9/11/2017 10:54:26 AM

Unlike a Will, which has to be filed with the court at the start of the probate process, a Revocable Living Trust generally does not have to be filed or recorded anywhere. Learn more here: https://www.kulaslaw.com/trust-filed-court/
9/8/2017 1:40:00 PM

Due to Hurricane Irma, our office will be closed beginning Friday, 9/8. We will reopen once it is determined safe to return. Thank you for understanding as we prepare for the safety of our families. We hope everyone stays safe and we urge you to take all precautions necessary if you have not done so already. As Gov. Rick Scott stated: "We always prepare for the worst and hope for the best"
9/7/2017 5:35:03 PM

For most people, the primary motivation for creating an estate plan is to ensure that their estate assets are distributed according to their wishes after they are gone. A comprehensive estate plan, however, can accomplish a great deal more than just providing a road map for the distribution of assets. In fact, a well drafted estate plan can also help to protect and grow those assets while you are alive as well as ensure that they help provide for loved ones after you are gone. The additional components you choose to include in your estate plan will depend on your unique estate planning goals and objectives; however, a common estate planning goal is probate avoidance. With that in mind, the Port St. Lucie probate attorneys at Kulas Law Group explain why probate avoidance is a common goal and offer tips that will help your estate avoid probate. What Is Probate? Probate is the legal process that is typically required following the death of an individual. Probate serves a number of different functions, including: Authentication of the decedent’s Last Will and Testament (if one was left behind) Identifying, valuing and eventually distributing estate assets Notifying creditors of the estate and allowing them to file claims against the estate Ensuring that state and federal taxes owed by the estate are paid Providing a legal forum for challenging the decedent’s Will Why Is Probate Avoidance Desirable? Probate avoidance is a very popular estate planning goal for several reasons. First, the probate process can be very long. Unless an estate qualifies for a small estate alternative to formal probate, it will typically take a minimum of four to six months to probate even a relatively modest estate. In the State of Florida, creditors have 90 days after the Notice to Creditors is published to file a claim against the estate, meaning the probate process must remain open for at least three months after the notice is published. For more complex estates, it is not unusual for it to take longer than a year to complete the probate of the estate. In the meantime, estate assets remain inaccessible to the intended beneficiaries of the estate. The other reason people often go to great lengths to avoid probate is the expense. There are a number of expenses that go along with the probate of an estate – and the longer it takes to get through probate, the higher those expenses as a general rule. Everyone involved in the probate process is entitled to a fee, including the Executor, estate planning attorney, appraisers, and accountants. It can also be costly to maintain estate assets during the probate of the estate. All of these expenses are paid out of the estate assets, thereby diminishing the value of the estate and providing a strong incentive to avoid probate when possible. Tips for Avoiding Probate The good news is that there are a number of probate avoidance strategies you can include in your overall estate plan to help your estate avoid probate. The key to avoiding probate, when possible, is to limit the number of probate assets you own at the time of your death. Not all assets are required to go through the probate process. Non-probate assets bypass probate altogether and can, therefore, be distributed to the intended beneficiary right away. The following tips may help you reduce your probate assets: Create a trust. Assets held in a trust bypass probate. By creating a trust, you can transfer most probate assets into the trust and effectively turn them into non-probate assets. Title property jointly with rights of survivorship. Your interest in your house, for example, could transfer directly to a spouse or adult child after your death if titled properly. Change account designations to “payable on death (POD)” or “transfer on death (TOD).” Assets held in a financial account, when designated as POD, will automatically become the property of the designated beneficiary upon your death; however, the beneficiary has no legal rights to the assets while you are alive. Use life insurance proceeds creatively. Life insurance proceeds are paid out directly to the beneficiary after your death. One creative way to use these proceeds is to create a funeral trust and fund it with the proceeds of a life insurance policy. The policy then pays for your funeral and the terms of the trust ensure that your wishes are honored. Contact Port St. Lucie Probate Attorneys For more information, please join us for an upcoming FREE seminar. If you have additional questions or concerns regarding probate avoidance, contact the experienced Port St. Lucie probate attorneys at Kulas Law Group by calling (772) 398-0720 to schedule an appointment....Read more...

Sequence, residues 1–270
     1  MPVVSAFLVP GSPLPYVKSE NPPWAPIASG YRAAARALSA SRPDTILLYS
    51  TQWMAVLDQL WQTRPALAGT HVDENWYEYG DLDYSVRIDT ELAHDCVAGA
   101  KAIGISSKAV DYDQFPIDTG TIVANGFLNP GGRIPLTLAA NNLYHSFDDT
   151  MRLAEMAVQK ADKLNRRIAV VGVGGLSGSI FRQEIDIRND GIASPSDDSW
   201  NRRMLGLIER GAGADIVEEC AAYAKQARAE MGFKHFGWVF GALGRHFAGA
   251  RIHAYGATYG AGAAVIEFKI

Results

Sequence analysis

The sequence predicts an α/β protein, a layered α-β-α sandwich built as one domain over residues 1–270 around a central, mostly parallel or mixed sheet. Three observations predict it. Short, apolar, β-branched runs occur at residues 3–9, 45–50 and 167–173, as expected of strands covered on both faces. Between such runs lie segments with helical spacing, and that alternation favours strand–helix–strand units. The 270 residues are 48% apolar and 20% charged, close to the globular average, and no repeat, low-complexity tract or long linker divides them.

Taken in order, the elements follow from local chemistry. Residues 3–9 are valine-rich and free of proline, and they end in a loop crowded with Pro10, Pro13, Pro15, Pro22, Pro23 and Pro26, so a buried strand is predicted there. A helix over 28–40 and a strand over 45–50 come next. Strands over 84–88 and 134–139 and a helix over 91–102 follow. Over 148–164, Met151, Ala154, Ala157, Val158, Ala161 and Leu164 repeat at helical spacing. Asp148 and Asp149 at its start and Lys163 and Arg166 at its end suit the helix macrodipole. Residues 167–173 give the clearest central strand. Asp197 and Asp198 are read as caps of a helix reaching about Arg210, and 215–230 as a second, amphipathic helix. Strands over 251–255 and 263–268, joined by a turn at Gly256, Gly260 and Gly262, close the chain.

9/7/2017 10:54:31 AM